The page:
Pennsylvania's new voter ID law continues to be the source of much election day debate.
Some supporters have said the law will crack down on fraud but is fraud really a problem at the polls?
The first voter ID laws were signed back in 2003. Pennsylvania's was passed this year.
It's supposed to deter voting fraud but in PA but records show there isn't much to begin with.
Obama or Romney. For many casting your vote isn't as easy.
Allentown Mayor Ed Pawlowski was on MSNBC this weekend arguing the case against the new law.
He used this example: "I'm 95 my social security is automatically deposited into my checking account. I don't need an ID." He continued "she's a solid vote for the President who would not be able to vote due to suppression efforts."
"I'm not aware of any cases of voter impersonation fraud in Lehigh County," said Tim Benyo, Lehigh County Head of Elections.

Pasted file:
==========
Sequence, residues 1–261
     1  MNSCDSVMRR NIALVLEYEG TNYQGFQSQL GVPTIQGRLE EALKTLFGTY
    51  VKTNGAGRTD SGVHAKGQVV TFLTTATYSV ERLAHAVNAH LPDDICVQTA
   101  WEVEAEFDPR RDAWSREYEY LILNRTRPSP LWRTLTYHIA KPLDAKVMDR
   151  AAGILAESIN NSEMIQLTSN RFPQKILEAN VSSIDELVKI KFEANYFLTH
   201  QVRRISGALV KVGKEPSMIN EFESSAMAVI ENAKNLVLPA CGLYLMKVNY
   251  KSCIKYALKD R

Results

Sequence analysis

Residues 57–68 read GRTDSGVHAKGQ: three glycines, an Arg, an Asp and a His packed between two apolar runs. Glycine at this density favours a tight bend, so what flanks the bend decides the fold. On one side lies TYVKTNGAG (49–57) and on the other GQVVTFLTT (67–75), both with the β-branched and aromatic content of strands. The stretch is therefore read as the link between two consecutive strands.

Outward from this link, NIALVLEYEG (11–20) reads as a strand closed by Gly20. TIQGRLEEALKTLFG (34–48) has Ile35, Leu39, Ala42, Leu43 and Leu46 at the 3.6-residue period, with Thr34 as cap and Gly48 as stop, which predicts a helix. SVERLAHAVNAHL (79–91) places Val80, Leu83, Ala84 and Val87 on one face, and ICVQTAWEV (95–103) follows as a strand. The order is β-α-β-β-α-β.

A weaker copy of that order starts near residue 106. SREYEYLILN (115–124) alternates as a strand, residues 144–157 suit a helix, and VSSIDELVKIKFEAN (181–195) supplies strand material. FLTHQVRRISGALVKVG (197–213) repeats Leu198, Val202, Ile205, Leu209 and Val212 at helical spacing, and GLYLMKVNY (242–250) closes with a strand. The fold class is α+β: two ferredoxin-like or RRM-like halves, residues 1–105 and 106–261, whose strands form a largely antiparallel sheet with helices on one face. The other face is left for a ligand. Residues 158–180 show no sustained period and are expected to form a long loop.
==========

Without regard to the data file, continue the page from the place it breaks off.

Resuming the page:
In 2004 a man was caught being registered in two different counties, saod Benyo.
Northampton County has never had a documented case of voter fraud.
Recently a nationwide study analyzed 2,068 instances of voter impersonation cases since 2000.
Only 10 were substantiated and none in Pennsylvania.
"Documented means someone went all the way through like in Bucks County. It was not documented because no-one counted those votes," said State Senator Bob Mensch.
Mensch, who backed the Voter ID bill, points to the Mike Fitzpatrick and Patrick Murphy Congressional race, where 500 absentee ballots were challenged for fraud, as an example of a case that clearly showed nefarious intent but was caught in time.
"I don't see anything wrong with trying to regulate to the greatest extent we can the person who is voting is actually that person that is entitled to vote," Mensch said.
However those like Pawlowski say the law disenfranchises minorities and the poor.
Mensch did say the law helps to deter fraud from absentee ballots which he says is a much bigger problem then voter impersonation.
The deadline to register to vote is October 9th.
Allentown, PA 18102